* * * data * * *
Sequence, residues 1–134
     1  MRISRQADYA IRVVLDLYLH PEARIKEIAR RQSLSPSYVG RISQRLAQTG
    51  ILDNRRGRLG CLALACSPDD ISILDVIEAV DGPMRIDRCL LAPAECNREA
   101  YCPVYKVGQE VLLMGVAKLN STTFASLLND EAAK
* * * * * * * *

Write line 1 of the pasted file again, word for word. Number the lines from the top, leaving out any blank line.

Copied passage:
Sequence, residues 1–134